54. Dalle-Donne, I.; Rossi, R.; Colombo, R.; Giustarini, D.; Milzani, A. Biomarkers of oxidative damage in human disease. Clin. Chem. 2006, 52, 601–623. [Google Scholar] [CrossRef] [PubMed]
  55. Dalle-Donne, I.; Rossi, R.; Giustarini, D.; Milzani, A.; Colombo, R. Protein carbonyl groups as biomarkers of oxidative stress. Clin. Chim. Acta 2003, 329, 23–38. [Google Scholar] [CrossRef]
  56. Genuth, N.R.; Barna, M. The Discovery of Ribosome Heterogeneity and Its Implications for Gene Regulation and Organismal Life. Mol. Cell 2018, 71, 364–374. [Google Scholar] [CrossRef] [PubMed][Green Version]
  57. Katz, M.J.; Gándara, L.; Ezcurra, A.D.L.; Wappner, P. Hydroxylation and translational adaptation to stress: Some answers lie beyond the STOP codon. Cell. Mol. Life Sci. 2016, 73, 1881–1893. [Google Scholar] [CrossRef] [PubMed]
  58. Proud, C.G. eIF2 and the control of cell physiology. Semin. Cell Dev. Biol. 2005, 16, 3–12. [Google Scholar] [CrossRef]
  59. van Kolck, M.; Huijbregts, M.A.J.; Veltman, K.; Hendriks, A.J. Estimating bioconcentration factors, lethal concentrations and critical body residues of metals in the mollusks Pernaviridis and Mytilus edulis using ion characteristics. Environ. Toxicol. Chem. 2008, 27, 272–276. [Google Scholar] [CrossRef] [PubMed]
  60. Wu, H.; Xu, L.; Yu, D.; Ji, C. Differential metabolic responses in three life stages of mussels Mytilus galloprovincialis exposed to cadmium. Ecotoxicology 2016, 26, 74–80. [Google Scholar] [CrossRef]
  61. Dheri, G.S.; Brar, M.S.; Malhi, S.S. Heavy-metal concentration of sewage contaminated water and its impact on underground water, soil, and crop plants in alluvial soils of northwestern India. Commun. Soil Sci. Plant. Anal. 2007, 38, 1353–1370. [Google Scholar] [CrossRef]
  62. Şeker, S.; Kutlu, B. Determination of Copper (Cu) Levels for Rivers in Tunceli, Turkey. World Environ. 2014, 4, 168–171. [Google Scholar]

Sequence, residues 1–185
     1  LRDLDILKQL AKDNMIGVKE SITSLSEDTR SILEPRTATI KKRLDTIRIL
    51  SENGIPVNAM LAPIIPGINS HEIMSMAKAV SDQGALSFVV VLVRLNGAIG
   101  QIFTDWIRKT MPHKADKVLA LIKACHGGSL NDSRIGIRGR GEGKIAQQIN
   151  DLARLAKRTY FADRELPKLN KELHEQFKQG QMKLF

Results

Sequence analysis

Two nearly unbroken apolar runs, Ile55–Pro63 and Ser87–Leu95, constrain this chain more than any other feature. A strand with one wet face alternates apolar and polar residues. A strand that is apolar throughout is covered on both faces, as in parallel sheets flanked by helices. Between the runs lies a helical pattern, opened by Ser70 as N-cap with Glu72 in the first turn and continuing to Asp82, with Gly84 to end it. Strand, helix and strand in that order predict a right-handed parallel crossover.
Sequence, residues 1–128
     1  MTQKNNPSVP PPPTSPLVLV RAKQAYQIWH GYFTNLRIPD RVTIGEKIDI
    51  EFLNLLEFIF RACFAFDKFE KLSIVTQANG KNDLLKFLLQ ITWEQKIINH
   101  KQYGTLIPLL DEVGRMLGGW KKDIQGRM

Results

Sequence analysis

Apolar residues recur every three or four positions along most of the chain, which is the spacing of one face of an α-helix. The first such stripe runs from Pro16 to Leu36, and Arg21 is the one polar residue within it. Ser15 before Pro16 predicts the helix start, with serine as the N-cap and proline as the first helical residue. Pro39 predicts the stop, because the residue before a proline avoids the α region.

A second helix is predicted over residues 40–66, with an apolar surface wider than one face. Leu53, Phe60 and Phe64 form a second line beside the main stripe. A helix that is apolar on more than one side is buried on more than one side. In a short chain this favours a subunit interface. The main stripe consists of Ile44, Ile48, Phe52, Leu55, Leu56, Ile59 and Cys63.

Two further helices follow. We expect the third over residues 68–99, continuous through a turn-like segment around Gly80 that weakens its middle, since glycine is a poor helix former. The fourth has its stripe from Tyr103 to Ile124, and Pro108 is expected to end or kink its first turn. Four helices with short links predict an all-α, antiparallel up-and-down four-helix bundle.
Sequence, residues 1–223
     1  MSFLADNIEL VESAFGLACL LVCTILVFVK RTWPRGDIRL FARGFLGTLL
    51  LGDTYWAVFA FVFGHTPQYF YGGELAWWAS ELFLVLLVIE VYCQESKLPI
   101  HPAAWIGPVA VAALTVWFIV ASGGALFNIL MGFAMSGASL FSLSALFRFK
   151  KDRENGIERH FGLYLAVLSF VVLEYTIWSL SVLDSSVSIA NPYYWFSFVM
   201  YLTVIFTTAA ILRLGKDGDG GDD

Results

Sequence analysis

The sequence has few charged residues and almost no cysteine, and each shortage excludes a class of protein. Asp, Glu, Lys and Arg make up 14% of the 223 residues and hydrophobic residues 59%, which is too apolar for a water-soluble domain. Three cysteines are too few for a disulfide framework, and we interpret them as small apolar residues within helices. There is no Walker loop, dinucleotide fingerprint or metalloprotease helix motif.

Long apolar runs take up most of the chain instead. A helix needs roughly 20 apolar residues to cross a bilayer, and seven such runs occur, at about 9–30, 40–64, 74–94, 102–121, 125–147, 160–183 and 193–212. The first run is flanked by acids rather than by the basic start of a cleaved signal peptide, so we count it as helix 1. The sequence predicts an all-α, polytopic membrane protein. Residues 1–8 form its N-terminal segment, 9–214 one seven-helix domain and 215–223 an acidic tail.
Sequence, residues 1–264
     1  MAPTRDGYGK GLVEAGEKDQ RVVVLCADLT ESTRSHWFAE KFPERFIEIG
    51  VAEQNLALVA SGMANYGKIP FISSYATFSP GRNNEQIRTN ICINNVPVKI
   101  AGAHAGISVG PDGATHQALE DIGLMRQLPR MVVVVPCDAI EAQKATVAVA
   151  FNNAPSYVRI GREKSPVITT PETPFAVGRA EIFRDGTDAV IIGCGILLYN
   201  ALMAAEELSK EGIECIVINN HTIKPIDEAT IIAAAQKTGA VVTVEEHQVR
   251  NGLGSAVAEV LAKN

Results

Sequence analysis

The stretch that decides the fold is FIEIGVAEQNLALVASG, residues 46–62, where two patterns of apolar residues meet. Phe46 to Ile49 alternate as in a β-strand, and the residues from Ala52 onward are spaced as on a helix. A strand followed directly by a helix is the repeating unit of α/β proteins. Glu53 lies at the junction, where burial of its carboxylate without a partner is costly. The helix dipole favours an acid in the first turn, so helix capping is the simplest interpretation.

63. Chandurvelan, R.; Marsden, I.D.; Gaw, S.; Glover, C.N. Biochemical biomarker responses of green-lipped mussel, Perna canaliculus, to acute and subchronic waterborne cadmium toxicity. Aquat. Toxicol. 2013, 140, 303–313. [Google Scholar] [CrossRef]
  64. Ebrahimi, M.; Taherianfard, M. Concentration of four heavy metals (cadmium, lead, mercury, and arsenic) in organs of two cyprinid fish (Cyprinus carpio and Capoeta sp.) from the Kor River (Iran). Environ. Monit. Assess. 2010, 168, 575–585. [Google Scholar] [CrossRef]
  65. Pakos-Zebrucka, K.; Koryga, I.; Mnich, K.; Ljujic, M.; Samali, A.; Gorman, A.M. The integrated stress response. EMBO Rep. 2016, 17, 1374–1395. [Google Scholar] [CrossRef][Green Version]
  66. Truitt, M.L.; Conn, C.S.; Shi, Z.; Pang, X.; Tokuyasu, T.; Coady, A.M.; Seo, Y.; Barna, M.; Ruggero, D. Differential requirements for eIF4E dose in normal development and cancer. Cell 2015, 162, 59–71. [Google Scholar] [CrossRef] [PubMed][Green Version]
  67. Gao, B.; Roux, P.P. Translational control by oncogenic signaling pathways. Biochim. Biophys. Acta 2015, 1849, 753–765. [Google Scholar] [CrossRef] [PubMed]
  68. Sekiyama, N.; Arthanari, H.; Papadopoulos, E.; Rodriguez-Mias, R.A.; Wagner, G.; Léger-Abraham, M. Molecular mechanism of the dual activity of 4EGI-1: Dissociating eIF4G from eIF4E but stabilizing the binding of unphosphorylated 4E-BP1. Proc. Natl. Acad. Sci. USA 2015, 112, E4036–E4045. [Google Scholar] [CrossRef] [PubMed][Green Version]
  69. Gingras, A.C.; Raught, B.; Gygi, S.P.; Niedzwiecka, A.; Miron, M.; Burley, S.K.; Polakiewicz, R.D.; Wyslouch-Cieszynska, A.; Aebersold, R.; Sonenberg, N. Hierarchical phosphorylation of the translation inhibitor 4E-BP1. Genes Dev. 2001, 15, 2852–2864. [Google Scholar] [PubMed]
  70. Lewis, S.S.; Keller, S.J. Identification of copper-responsive genes in an early life stage of the fathead minnow Pimephales promelas. Ecotoxicology 2009, 18, 281–292. [Google Scholar] [CrossRef] [PubMed]
  71. Zhang, H.; Xia, Y.; Chen, C.; Zhuang, K.; Song, Y.; Shen, Z. Analysis of Copper-Binding Proteins in Rice Radicles Exposed to Excess Copper and Hydrogen Peroxide Stress. Front. Plant. Sci. 2016, 7, 1216. [Google Scholar] [CrossRef][Green Version]
  72. Dumont-Miscopein, A.; Lavergne, J.P.; Guillot, D.; Sontag, B.; Reboud, J.P. Interaction of phosphorylated elongation factor EF-2 with nucleotides and ribosomes. FEBS Lett. 1994, 356, 283–286. [Google Scholar] [CrossRef][Green Version]
Figure 1. Metal concentrations in digestive glands after mussels exposed for up to 15 days to seawater enriched with different concentrations of (A) CuCl2, (B) HgCl2, and (C) CdCl2. After acclimation at 18 °C for 1 week in tanks containing natural seawater from a non-polluted area, mussels were exposed to natural seawater or to seawater containing 40 μg/L Cu, 30 μg/L Hg, or 100 μg/L Cd. Depicted concentration values represent the means from five independently performed experiments, while standard deviations were lower than 5%.